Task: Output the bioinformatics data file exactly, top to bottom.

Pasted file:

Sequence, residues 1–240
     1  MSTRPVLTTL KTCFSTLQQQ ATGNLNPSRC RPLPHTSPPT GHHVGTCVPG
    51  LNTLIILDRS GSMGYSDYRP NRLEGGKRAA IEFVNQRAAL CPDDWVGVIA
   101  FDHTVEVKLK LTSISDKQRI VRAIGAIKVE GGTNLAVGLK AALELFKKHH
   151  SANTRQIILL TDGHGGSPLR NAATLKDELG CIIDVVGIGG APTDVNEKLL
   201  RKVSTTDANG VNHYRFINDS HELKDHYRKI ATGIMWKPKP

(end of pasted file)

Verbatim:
Sequence, residues 1–240
     1  MSTRPVLTTL KTCFSTLQQQ ATGNLNPSRC RPLPHTSPPT GHHVGTCVPG
    51  LNTLIILDRS GSMGYSDYRP NRLEGGKRAA IEFVNQRAAL CPDDWVGVIA
   101  FDHTVEVKLK LTSISDKQRI VRAIGAIKVE GGTNLAVGLK AALELFKKHH
   151  SANTRQIILL TDGHGGSPLR NAATLKDELG CIIDVVGIGG APTDVNEKLL
   201  RKVSTTDANG VNHYRFINDS HELKDHYRKI ATGIMWKPKP